Frank R. Horlbeck passed away peacefully on January 14, 2019, only two weeks short of his 95th birthday. He is being mourned and remembered by family, friends and former students around the United States, as well as by friends around the world, particularly in England, Greece, Sweden and Australia.
Horlbeck was born on January 28, 1924, in Whiting Indiana. He received his BSc in Chemistry from the University of Chicago in 1949 and then took an MA in Art History from the same school two years later before pursuing a PhD at the Courtauld Institute of Art, University of London. He achieved his goal in 1957 with a dissertation titled, “Decorative Painting in English Medieval Architecture.”
He became an assistant professor of art history at UW-Madison in 1958 and retired a full professor in 1995. His 36 years of service to the university included three stints as chair of the Department of Art History. He served on many important university committees and for a term as president of the Friends of the Libraries. A dedicated teacher, he mentored countless undergraduates, and his PhD students went on to professorships at schools such at Baruch College, CUNY Graduate Center, UW-Whitewater and the University of Oregon and to careers in museums.
Horlbeck’s two greatest passions were architectural photography and a collection of Victorian molded jugs. For about 40 years he divided his time in summer between sojourns in England and Mt. Athos in Greece along with trips around Europe and beyond to visit and photograph great architectural monuments. Late in his life, his contributions as photographer and collector were recognized in two exhibitions — Holy Mountain: Icons from Mount Athos and Photographs by Frank Horlbeck and What’s in a Jug? Art, Technology, Culture — both of which were organized by art history classes and hosted by the Chazen Museum of Art.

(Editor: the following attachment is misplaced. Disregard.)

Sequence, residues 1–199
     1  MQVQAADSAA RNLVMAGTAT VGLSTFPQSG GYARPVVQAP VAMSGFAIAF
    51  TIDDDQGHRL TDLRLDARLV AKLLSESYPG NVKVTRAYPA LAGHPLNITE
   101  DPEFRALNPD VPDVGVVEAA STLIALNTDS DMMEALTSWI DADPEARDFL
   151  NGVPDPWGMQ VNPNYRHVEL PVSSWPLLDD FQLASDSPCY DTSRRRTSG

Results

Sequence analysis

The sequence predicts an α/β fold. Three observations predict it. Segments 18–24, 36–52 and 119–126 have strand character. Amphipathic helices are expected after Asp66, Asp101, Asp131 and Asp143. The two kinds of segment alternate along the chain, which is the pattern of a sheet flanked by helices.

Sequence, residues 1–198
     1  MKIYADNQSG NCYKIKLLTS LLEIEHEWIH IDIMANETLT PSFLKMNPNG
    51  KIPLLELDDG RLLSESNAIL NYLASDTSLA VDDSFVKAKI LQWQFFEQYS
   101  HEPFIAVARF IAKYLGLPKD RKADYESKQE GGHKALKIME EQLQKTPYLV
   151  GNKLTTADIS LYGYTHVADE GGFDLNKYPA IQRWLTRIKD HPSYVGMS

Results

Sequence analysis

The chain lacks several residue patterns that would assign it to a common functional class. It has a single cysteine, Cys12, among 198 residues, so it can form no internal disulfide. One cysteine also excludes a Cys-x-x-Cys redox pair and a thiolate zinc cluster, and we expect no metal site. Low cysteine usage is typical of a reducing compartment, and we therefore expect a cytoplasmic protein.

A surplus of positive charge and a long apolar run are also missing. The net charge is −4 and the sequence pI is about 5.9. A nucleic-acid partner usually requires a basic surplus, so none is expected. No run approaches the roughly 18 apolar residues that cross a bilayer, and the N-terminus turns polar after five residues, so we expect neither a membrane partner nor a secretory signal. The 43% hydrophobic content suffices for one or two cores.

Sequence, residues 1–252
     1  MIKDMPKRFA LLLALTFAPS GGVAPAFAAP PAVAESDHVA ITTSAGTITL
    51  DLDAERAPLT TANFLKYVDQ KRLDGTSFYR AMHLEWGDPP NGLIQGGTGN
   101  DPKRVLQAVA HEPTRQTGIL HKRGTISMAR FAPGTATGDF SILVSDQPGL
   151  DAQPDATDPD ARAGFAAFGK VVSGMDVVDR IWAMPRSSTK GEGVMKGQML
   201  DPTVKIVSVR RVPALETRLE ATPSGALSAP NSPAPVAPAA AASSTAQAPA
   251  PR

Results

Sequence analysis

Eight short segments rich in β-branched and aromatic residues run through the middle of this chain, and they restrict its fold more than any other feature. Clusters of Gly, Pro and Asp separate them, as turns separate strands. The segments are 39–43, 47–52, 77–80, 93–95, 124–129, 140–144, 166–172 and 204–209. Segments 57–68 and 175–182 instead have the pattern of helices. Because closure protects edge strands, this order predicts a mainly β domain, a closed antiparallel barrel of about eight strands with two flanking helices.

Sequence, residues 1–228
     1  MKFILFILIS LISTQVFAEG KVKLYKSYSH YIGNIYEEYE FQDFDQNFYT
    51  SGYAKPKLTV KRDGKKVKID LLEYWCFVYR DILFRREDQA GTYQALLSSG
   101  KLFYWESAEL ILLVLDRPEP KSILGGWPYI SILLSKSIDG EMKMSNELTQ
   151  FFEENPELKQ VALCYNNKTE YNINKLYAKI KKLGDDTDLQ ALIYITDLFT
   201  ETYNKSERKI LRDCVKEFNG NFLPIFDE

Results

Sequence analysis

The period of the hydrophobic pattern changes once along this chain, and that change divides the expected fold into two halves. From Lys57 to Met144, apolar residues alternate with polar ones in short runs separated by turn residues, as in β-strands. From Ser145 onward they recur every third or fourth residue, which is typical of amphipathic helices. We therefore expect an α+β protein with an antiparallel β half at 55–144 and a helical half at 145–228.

“Frank Holbeck’s passing is a great loss to our community,” says professor Thomas Dale. “He was a passionate teacher and photographer who taught countless students the introductory survey of Ancient and Medieval Art as well as more specialized courses on the art and architecture of the British Isles, Scandinavia and the Byzantine empire.”
Horlbeck has left a marvelous collection of slides to the art history department, including his unparalleled archive of images of English parish churches. The Chazen is preparing to receive his donation of his jug collection, a monetary bequest and various antiques and works of art.
“Generations to come will benefit from access to his photographs of medieval art and architecture, including the areas of his own particular interest — medieval English parish churches and the Orthodox monasteries of Mt. Athos in northern Greece — as well his incomparable collection of Victorian molded Staffordshire jugs,” says Dale.
Funeral Services will be held on February 23 at St. Andrew’s Episcopal Church in Madison. Memorial contributions may be made to the Chazen Museum of Art. Checks should be made payable to the UW Foundation-Chazen Museum of Art Fund with “in memory of Frank Horlbeck” on the memo line, and mailed to US Bank Lockbox 78807, Milwaukee, WI 53278; electronic donations can be made at http://www.supportuw.org/giveto/chazen.